He went on: “Going to even the best-run prison for only a short time is a very severe punishment indeed.
“I have found no holiday camps.
“But for many short-term prisoners, the reality will be being locked up in a small shared cell with an unscreened toilet for 20 hours a day – with too much access to drugs and negative peer pressure and too little access to work and resettlement help.”
Mr Hardwick added that, for young men in the London area, “their involvement in gangs in the community made them concerned for their safety in prison”.
One inmate at Feltham young offenders institution in west London said: “There have been times when gangs that I have a problem with will see me during visits – and I would have no other choice but to fight.”
A survey of 671 prisoners aged under 21 found 6% felt victimised because of gang-related issues, compared with just 3% of the 5,719 prisoners of all ages who responded.
Juliet Lyon, director of the Prison Reform Trust campaign group, said the report showed “the extent to which imprisonment, the most expensive disposal available to the courts, results in thousands of short-term prisoners and young offenders being warehoused, with little if any pretence at work, training, education or effective resettlement”.
Shadow justice secretary Sadiq Khan said he was “deeply concerned” that the number of serious incidents and security breaches in London jails has increased since the riots.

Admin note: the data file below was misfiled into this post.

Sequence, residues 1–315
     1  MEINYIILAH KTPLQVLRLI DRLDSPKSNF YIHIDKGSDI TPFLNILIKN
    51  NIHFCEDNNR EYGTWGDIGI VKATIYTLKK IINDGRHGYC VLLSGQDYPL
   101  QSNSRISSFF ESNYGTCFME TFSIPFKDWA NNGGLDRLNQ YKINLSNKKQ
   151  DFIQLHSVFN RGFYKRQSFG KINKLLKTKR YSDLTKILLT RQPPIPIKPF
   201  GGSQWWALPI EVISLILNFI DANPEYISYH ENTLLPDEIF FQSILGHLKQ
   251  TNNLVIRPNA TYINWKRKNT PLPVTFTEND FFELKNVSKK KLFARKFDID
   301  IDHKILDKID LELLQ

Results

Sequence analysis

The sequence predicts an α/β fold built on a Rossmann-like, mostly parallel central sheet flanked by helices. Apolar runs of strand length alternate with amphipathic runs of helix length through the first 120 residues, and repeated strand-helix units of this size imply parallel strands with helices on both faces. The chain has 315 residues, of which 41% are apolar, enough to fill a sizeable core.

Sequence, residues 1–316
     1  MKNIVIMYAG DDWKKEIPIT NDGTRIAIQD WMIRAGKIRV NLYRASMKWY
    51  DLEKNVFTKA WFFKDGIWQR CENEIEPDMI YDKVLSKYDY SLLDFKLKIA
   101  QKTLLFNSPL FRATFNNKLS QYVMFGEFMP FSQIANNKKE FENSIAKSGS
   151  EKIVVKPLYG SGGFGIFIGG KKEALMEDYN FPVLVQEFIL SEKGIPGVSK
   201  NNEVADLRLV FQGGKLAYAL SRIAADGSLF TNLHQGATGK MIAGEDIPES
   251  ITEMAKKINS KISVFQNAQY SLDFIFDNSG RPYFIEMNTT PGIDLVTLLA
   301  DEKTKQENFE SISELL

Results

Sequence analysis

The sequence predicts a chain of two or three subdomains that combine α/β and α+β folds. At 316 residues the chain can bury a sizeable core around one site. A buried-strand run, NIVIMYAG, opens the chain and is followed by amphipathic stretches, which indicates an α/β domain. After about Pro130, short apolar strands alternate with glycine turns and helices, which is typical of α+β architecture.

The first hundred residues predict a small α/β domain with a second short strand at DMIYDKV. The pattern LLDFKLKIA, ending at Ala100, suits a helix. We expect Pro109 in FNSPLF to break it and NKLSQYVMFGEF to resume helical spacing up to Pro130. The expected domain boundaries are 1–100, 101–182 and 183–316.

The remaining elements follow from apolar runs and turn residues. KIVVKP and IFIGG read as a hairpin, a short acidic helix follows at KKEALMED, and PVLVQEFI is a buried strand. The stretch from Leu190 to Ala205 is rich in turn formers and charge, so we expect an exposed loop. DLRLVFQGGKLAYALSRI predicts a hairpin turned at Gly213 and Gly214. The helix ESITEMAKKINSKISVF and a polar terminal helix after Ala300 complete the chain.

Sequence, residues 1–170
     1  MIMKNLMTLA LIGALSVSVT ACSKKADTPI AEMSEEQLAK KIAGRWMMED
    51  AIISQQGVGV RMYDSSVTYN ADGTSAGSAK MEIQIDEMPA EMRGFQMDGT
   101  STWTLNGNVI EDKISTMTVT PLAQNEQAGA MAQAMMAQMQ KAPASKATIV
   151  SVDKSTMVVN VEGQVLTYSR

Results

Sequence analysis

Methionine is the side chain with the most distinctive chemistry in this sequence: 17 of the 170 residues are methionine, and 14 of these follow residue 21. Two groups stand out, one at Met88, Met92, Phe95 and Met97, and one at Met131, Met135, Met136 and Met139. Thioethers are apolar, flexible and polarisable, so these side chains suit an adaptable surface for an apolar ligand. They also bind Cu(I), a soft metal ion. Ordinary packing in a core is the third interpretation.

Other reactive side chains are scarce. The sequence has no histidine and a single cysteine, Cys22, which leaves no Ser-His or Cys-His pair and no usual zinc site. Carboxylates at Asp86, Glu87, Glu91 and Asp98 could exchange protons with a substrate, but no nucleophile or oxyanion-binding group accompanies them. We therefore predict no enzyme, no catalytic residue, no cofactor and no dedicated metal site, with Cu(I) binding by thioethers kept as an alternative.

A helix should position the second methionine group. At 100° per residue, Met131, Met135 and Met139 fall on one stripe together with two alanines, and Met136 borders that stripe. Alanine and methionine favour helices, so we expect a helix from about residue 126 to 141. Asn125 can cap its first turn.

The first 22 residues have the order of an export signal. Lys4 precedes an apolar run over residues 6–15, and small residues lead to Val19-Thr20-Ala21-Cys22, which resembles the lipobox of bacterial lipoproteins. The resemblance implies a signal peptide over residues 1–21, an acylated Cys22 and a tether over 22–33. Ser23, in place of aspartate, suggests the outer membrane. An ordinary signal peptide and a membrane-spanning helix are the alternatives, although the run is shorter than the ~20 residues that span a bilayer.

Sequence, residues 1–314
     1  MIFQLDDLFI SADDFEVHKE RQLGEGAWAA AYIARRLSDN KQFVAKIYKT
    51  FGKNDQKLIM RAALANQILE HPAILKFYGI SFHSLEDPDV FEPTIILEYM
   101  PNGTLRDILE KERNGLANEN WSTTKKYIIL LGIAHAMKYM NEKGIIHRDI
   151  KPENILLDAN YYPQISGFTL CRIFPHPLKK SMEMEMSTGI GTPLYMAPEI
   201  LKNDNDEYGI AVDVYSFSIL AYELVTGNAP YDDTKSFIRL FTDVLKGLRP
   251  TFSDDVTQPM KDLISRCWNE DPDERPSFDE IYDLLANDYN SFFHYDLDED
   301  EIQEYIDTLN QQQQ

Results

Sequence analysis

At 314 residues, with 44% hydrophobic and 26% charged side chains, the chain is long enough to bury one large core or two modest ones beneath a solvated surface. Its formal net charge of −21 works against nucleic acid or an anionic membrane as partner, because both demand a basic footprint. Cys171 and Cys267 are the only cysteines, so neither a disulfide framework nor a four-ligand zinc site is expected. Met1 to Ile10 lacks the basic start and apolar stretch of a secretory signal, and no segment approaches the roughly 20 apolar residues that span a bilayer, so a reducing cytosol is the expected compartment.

“The public expect prisoners to be punished and reformed in prison, not recruited into gangs,” he said.
“Prison and probation officers have an important role to play in prisoners’ rehabilitation, but we are seeing thousands of frontline job losses in the Prison and Probation Services.
“This Tory-led Government must now give assurances that their cuts will not put the security of prisons at risk.”
He went on: “The prison population has reached a record high and prison and probation officers are being increasingly overstretched.
“It is vital for security in our prison estates that prison and probation staff get the resources and support they need.”
A Ministry of Justice spokesman said: “Gang affiliations are not necessarily reflective of gang membership in the community. Where they exist, gangs are managed within the broad security and control frameworks that apply to all prisoners.
“Within this, there are clear strategies to prevent the supply of drugs and mobile phones into prisons, and a violence reduction strategy.
“We have enhanced our offending behaviour programmes in prisons to address issues of gang violence and knife crime.